Second, the existence or elimination of CWs is much more difficult to verify than it is the case with nuclear weapons. Take, for instance, the March 2003 invasion of Iraq by the United States-led coalition that ended with the overthrow of the Saddam Hussein regime and the ultimate collapse of the Iraqi statehood. A month before the invasion, Secretary of State Colin Powell triggered the war with his speech to the U.N. Security Council, in which he alleged that Iraq was hiding CWs from international inspectors and refusing to disarm. As we now know, this allegation was false. On the other hand, ten years later in Syria, after the United States, Russia and Damascus signed the "Framework for Elimination of Syrian Chemical Weapons” (September, 2013), all the stockpiles of Syrian CWs were allegedly completely destroyed under the supervision of OPCW within less than twelve months (by mid-2014). As we know now, this assumption was also wrong – the ‘destroyed’ CWs are utilized in the Syrian conflict time after time.
Third, nuclear weapons have been developed and deployed not to be used, but to deter a potential opponent. For seventy years after Hiroshima and Nagasaki no nuclear state was reckless enough to start a nuclear war. Even in the most critical situations like the Cuban Missile Crisis of October 1962, the opposing sides were prudent enough not to cross the red line that could had led to the annihilation of all the humankind. Contrarily to nuclear weapons, CWs have never been perceived as doomsday weapons capable of terminating life on the planet. Nobody really knows for sure, how many times CWs have been used on the battlefield or against civilians, but it is clear that we are talking of hundreds, if not thousands of cases over the last century. One can argue without any shade of doubt that many more people have suffered and perished due to the continuous use of chemical weapons than from the two nuclear bombs dropped by US on Japan in the end of the Second World War.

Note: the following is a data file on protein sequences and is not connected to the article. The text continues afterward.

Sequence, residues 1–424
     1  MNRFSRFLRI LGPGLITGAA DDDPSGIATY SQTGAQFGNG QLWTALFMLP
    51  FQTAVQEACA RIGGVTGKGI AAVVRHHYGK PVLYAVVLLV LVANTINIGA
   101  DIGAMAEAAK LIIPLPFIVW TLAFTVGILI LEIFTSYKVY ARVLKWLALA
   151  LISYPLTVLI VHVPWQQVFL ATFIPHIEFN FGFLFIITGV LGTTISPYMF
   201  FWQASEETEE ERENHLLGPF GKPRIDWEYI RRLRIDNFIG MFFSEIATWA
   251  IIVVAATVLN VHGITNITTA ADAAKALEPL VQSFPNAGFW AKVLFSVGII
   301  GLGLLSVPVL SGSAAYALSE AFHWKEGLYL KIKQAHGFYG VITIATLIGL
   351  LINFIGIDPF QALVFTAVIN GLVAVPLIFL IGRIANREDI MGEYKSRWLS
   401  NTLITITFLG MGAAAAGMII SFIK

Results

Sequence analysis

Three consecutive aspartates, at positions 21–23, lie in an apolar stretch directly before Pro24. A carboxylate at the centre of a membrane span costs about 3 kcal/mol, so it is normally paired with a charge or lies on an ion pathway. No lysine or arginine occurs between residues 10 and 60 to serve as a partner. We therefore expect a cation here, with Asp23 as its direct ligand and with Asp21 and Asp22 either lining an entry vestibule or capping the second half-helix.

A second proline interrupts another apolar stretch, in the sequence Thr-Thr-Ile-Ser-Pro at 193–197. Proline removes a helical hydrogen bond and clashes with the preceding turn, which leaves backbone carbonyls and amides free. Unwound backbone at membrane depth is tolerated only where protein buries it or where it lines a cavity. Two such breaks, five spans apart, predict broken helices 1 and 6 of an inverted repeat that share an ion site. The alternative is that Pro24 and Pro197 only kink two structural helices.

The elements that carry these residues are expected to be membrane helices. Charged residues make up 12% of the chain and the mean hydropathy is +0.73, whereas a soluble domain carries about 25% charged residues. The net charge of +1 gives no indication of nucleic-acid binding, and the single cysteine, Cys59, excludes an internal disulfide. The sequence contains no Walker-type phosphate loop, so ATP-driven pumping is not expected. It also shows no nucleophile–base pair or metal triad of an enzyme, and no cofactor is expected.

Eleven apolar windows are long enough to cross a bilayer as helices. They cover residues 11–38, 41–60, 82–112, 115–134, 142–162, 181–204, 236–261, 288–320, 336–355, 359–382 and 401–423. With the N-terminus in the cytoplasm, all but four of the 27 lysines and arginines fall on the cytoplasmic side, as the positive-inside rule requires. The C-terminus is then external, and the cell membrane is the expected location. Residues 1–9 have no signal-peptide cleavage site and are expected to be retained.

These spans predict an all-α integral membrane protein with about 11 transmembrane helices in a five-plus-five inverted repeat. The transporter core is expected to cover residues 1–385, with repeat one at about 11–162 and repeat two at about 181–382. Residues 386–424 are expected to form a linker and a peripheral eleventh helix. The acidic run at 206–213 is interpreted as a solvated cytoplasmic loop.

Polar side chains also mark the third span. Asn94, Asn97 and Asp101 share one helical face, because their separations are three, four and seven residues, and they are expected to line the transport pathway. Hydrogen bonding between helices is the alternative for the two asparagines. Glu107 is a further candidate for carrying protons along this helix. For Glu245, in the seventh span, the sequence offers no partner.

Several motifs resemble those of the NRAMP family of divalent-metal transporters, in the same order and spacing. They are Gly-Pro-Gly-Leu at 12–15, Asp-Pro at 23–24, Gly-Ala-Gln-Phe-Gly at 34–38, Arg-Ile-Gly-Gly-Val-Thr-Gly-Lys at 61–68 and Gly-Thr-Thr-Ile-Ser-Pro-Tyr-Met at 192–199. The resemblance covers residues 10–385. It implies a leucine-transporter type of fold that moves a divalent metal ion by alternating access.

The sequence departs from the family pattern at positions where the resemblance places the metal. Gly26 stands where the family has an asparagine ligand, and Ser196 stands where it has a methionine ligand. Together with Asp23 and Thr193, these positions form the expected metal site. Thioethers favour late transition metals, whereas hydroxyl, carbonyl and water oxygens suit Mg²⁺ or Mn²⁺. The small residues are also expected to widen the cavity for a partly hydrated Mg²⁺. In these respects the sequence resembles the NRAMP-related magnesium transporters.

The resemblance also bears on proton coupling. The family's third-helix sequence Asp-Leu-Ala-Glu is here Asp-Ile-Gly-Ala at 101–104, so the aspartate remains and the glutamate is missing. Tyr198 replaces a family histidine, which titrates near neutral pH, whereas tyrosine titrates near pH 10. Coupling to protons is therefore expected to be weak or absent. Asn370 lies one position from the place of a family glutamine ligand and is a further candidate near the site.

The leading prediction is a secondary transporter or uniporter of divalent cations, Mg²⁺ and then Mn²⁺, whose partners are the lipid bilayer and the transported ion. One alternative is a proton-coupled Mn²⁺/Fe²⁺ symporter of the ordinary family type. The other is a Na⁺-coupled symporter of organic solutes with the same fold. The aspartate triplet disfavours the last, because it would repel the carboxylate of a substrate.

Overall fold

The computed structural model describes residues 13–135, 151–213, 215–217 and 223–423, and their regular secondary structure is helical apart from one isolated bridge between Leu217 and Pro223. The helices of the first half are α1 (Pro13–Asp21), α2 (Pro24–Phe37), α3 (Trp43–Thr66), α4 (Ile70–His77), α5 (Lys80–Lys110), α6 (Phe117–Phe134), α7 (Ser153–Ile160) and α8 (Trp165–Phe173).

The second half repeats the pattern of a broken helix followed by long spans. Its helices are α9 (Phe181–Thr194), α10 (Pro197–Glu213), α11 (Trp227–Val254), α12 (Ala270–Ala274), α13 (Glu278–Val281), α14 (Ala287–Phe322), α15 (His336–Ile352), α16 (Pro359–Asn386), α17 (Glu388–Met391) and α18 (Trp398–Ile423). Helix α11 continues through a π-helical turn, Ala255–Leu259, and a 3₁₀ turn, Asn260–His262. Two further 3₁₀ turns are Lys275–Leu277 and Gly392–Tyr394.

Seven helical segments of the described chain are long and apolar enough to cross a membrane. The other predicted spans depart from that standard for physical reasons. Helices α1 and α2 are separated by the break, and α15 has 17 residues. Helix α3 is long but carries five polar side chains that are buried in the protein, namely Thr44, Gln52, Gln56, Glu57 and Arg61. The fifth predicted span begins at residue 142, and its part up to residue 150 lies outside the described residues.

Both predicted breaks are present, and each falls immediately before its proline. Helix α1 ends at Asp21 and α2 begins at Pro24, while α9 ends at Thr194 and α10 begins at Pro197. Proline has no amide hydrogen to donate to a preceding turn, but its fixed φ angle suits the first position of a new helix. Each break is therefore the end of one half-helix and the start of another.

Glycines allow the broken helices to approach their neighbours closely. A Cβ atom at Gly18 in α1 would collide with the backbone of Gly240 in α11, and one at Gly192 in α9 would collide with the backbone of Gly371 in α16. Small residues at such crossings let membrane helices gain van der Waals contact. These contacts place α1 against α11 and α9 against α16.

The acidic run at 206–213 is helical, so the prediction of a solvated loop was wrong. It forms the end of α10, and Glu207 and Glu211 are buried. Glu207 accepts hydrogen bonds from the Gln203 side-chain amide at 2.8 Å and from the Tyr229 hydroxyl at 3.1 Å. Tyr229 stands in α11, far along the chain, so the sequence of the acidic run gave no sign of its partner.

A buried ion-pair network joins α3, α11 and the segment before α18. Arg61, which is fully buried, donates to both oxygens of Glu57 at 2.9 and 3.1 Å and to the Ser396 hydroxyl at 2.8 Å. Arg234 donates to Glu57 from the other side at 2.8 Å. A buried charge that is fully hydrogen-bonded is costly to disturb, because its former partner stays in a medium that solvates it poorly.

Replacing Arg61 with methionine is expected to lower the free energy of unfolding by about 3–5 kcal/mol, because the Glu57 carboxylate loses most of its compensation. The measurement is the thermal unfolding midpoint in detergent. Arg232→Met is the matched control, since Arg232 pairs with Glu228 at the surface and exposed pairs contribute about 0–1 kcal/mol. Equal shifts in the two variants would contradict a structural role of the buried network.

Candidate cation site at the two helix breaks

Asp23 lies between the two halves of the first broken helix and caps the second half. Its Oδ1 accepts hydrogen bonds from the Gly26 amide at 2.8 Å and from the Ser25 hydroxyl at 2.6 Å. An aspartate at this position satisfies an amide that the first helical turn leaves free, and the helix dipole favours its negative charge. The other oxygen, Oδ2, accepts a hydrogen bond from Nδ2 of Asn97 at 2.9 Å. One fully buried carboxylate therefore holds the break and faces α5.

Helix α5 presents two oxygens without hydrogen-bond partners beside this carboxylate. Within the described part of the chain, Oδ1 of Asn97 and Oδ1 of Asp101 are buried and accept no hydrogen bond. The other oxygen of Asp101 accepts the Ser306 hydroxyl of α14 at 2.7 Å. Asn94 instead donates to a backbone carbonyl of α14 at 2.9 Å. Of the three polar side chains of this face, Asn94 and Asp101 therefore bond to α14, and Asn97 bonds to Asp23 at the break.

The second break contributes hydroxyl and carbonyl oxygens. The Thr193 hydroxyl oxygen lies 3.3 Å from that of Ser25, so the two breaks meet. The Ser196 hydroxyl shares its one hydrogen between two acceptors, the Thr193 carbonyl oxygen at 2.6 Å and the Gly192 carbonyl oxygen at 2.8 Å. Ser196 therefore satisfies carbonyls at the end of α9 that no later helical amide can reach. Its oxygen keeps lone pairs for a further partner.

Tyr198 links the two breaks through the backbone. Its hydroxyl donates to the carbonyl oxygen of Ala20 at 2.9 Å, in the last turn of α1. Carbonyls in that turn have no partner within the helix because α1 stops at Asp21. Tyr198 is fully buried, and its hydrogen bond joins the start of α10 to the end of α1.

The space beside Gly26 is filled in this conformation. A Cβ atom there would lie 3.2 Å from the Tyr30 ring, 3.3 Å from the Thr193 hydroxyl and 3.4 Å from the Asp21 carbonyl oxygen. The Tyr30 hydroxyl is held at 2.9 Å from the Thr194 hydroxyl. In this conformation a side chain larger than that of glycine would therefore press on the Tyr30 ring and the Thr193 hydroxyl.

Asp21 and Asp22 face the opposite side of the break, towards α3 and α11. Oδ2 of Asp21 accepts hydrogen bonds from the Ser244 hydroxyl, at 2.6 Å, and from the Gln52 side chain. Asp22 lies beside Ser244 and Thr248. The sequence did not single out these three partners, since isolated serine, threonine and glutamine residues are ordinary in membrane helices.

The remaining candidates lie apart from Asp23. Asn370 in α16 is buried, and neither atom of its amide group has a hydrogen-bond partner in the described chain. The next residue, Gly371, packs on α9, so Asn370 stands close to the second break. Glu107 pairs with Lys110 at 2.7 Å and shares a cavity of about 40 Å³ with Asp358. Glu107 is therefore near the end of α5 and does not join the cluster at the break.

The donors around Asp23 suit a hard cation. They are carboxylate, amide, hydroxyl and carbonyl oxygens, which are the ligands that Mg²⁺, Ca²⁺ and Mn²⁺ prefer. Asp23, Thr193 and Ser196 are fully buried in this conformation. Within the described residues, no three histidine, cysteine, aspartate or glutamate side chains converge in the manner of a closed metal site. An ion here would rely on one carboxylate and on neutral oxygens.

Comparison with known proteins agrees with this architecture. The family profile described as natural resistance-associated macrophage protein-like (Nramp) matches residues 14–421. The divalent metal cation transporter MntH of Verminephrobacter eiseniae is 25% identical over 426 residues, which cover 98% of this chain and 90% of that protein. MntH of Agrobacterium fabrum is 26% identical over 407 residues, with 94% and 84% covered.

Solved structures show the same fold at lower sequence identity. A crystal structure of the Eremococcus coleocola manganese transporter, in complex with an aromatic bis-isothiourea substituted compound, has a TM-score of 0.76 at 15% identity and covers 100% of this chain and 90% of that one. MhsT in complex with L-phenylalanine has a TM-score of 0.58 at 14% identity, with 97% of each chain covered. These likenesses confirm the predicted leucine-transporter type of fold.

Fourth, in case of potential use of nuclear weapons it would be crystal-clear within literally a couple of minutes who has employed this devastating means of mass destruction. In case of CWs the name of the perpetrator is much more difficult to verify – the international community is still debating about who exactly used chemical weapons in Syria in multiple incidents since 2012. If the perpetrator remains anonymous, how can we have hope that justice will prevail?
In sum, chemical weapons do not look as sinister, menacing and fateful as nuclear weapons. However, in the practical day-to-day challenges to the humankind the former are no less dangerous than the latter. The international community has to rise to the challenge and to reconsider its current approach to CWs. This implies a new level of public awareness, a more intense collaboration among national intelligences services, a higher profile an authority for OPCW, more efforts at promoting joint private-public initiatives, and zero tolerance to those who explicitly or implicitly justify, assist or protect international criminals employing CWs.